Code Formatting Conventions

I have vague (and probably inaccurate) memories of an article I read maybe 25 years ago. Please remember that every remembered “fact” is probably wrong…

Some time in the ’80s, Adobe (or some company) did extensive studies to figure out what makes text readable. They looked at the font, the size and style, character and line spacing, line length, foreground & background colors, etc. The fact that stuck in my head was that yellow or green text on a black background could be read 30% faster than black text on a white background. Wow! That’s a huge number. If I could code 30% faster, I think that would justify a 30% raise.

This was about the time that “Paper White” displays were just starting to become affordable, and everything started using white backgrounds, including the latest version of the editor I used at the time. I actually had to turn down the brightness on my monitor because it gave me headaches. The Adobe article made me think, though… Sure, paper is white, but my monitor isn’t a piece of paper. All the cool people are using white backgrounds, but I’ve never been very cool. What if I used a black background…

I changed my editor’s settings to use yellow text on a black background. The difference was amazing. I don’t know if I could code 30% faster, but my head ached at least 70% less. (I’ve spent the last 25 years wondering why anyone uses black text on a white background for anything. I’m sure you’re wondering why this post is black on white. I’m wondering the same thing, but that’s what WordPress defaulted to, and I haven’t wanted to spend the time figuring out how to change it.)

So the question recently occurred to me “is there an objectively better way to format code?” It seems like there must be. There may not be a style which is better for every individual, but there must be a style which is better on average.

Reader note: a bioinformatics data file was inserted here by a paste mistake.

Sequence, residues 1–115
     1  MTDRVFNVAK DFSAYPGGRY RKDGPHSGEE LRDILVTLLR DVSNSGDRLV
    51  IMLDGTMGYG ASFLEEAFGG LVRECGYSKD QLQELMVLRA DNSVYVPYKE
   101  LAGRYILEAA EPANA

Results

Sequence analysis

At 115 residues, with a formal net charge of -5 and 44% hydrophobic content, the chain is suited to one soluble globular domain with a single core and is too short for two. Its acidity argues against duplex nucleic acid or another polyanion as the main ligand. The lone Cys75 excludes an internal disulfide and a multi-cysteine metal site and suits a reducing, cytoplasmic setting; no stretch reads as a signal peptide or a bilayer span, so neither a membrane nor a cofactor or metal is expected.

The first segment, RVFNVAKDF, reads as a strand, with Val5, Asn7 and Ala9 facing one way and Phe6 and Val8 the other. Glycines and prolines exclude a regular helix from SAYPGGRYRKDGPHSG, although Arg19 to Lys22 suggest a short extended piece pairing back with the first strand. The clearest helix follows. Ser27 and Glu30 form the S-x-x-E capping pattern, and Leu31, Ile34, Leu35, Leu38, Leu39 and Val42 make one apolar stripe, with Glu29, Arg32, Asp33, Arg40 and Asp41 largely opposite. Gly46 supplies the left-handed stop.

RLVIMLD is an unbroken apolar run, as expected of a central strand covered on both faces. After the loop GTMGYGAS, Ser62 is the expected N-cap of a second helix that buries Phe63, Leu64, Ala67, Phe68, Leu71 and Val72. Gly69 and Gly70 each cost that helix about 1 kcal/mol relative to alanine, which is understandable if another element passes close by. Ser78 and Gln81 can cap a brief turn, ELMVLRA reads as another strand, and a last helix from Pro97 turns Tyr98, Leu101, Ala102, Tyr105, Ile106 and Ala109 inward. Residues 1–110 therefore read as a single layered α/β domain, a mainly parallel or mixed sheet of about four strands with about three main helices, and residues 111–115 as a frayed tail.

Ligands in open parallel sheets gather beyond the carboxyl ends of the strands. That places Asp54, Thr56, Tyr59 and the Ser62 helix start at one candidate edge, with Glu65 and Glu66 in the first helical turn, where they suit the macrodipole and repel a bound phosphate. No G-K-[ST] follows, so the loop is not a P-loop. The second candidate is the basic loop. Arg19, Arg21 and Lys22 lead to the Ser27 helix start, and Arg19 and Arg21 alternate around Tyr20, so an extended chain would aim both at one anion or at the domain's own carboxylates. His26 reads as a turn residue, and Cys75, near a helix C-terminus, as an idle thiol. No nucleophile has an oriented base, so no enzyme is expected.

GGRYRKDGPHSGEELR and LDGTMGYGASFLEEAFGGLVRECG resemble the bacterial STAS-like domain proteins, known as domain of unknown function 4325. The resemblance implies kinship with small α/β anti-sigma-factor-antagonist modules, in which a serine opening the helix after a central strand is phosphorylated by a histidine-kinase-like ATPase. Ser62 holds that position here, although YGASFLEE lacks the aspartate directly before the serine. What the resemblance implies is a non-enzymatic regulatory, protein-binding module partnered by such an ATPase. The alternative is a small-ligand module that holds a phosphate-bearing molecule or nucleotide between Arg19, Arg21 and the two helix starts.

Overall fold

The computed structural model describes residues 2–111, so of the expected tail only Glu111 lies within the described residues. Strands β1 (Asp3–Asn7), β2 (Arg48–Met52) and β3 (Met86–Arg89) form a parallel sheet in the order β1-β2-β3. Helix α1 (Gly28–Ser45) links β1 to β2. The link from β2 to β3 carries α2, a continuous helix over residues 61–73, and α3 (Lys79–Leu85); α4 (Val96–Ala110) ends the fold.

When Adobe did these studies, doing something like that was a fairly expensive undertaking (at least I assume it was). I picture them getting thousands of people to come in, read some piece of text (while some guy in a lab coat times them), and take a comprehension test. They probably had to pay the people something for their trouble. They had to pay a bunch of guys (working in parallel) in lab coats to sit there with a stopwatch. They had to pay someone to recruit test subjects. They had to pay someone to grade the tests and interpret the results. They had to pay for office space and coffee and who knows what else.

The Internet changes all this. I don’t have to recruit you or pay you. You don’t have to come to my office. I don’t have to sit around with a stopwatch. Heck, I don’t even have to buy a lab coat. All I have to do is convince you (and a few thousand other people) to spend some time taking my little quiz.

I should rephrase that last bit. All I have to do is decide what makes a formatting convention subjectively better, and figure out how to measure that, and create a quiz that does measure it, and then I have to convince you to take my quiz. Fortunately, I did those other parts before writing this blog post.

What makes a formatting convention objectively better? I think it’s nothing more than the speed at which you can read and understand unfamiliar code. Speed is important – you can understand anything if you spend long enough. And if unfamiliar code is more clear to you, then your own code should be clearer, too.

Take the quiz!


My quiz has been available for a little while now. I don’t have enough data for the result to be statistically meaningful, but the data I have is very suggestive: Yes, code formatting affects understandability. The effect is dramatic. Thirty percent raise, here I come! (Unless, of course, the effect disappears when I get more data…)


jsgrep is like grep, but instead of working on characters, it works on a JavaScript token stream. It’s on github at

I’m a front-end engineer on Yahoo! Mail. I wrote jsgrep for my own use in mid-2010, and I’ve been (lackadaisically) promoting jsgrep within the Yahoo! Mail team since late 2010. Honestly, I have not met with much success. “It works on tokens instead of characters” seems like a subtle distinction, and it doesn’t really convey how powerful jsgrep can be. I don’t like to blow my own horn, but I have to say that it is just about the coolest command line tool I’ve ever used. I probably use it an average of 20 times a day.

Yahoo! Mail is a big program, with a lot of people working on it. The portion that I work on has 9179 functions in about a quarter million lines of code (well, 117,064 lines have code on them. The rest is whitespace or comments.) I am very familiar with a small part of the code, slightly familiar with a slightly larger part of the code, and just about completely clueless about most of it. Unfortunately, I might have to work on a bug that occurs anywhere. Being able to search the code quickly and easily is extremely important.